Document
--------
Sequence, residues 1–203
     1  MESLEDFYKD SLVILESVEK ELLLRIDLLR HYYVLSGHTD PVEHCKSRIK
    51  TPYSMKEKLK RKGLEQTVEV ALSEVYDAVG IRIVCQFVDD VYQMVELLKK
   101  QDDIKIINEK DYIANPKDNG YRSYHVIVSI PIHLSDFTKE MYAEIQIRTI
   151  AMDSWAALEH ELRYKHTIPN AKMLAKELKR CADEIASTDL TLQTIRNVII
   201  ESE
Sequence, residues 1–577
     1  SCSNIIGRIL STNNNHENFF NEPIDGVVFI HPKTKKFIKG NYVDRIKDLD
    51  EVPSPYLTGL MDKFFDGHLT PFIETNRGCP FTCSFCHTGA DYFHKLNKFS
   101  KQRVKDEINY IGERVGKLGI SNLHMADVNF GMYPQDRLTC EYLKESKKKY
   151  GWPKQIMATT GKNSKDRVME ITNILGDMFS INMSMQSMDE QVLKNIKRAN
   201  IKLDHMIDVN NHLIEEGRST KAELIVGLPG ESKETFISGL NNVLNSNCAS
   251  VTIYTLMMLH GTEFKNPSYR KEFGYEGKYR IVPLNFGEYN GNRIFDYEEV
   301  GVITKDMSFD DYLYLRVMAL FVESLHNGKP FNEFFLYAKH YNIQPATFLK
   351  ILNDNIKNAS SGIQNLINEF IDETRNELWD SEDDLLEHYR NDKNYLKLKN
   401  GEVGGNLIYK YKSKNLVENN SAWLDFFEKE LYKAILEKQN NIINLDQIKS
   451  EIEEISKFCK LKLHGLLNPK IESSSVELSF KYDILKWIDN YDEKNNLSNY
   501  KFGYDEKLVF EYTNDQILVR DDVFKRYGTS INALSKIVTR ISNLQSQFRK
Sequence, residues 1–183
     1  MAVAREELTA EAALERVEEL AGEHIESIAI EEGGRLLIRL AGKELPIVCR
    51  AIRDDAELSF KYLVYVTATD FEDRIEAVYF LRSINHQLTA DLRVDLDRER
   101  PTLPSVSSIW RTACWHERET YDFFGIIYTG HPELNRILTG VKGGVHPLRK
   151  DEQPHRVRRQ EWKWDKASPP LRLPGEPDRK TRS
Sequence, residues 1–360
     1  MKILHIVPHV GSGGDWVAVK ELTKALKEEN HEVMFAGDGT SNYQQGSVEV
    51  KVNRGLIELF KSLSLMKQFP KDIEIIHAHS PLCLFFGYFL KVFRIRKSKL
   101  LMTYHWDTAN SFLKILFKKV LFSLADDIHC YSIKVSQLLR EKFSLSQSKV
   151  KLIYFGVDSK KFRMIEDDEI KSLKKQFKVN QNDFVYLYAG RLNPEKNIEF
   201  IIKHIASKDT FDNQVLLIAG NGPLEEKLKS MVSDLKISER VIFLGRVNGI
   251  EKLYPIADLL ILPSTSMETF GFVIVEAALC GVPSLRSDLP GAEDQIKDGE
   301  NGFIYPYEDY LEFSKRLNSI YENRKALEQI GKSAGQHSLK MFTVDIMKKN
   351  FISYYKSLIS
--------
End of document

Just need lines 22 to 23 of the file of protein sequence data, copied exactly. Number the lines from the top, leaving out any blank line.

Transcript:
   101  PTLPSVSSIW RTACWHERET YDFFGIIYTG HPELNRILTG VKGGVHPLRK
   151  DEQPHRVRRQ EWKWDKASPP LRLPGEPDRK TRS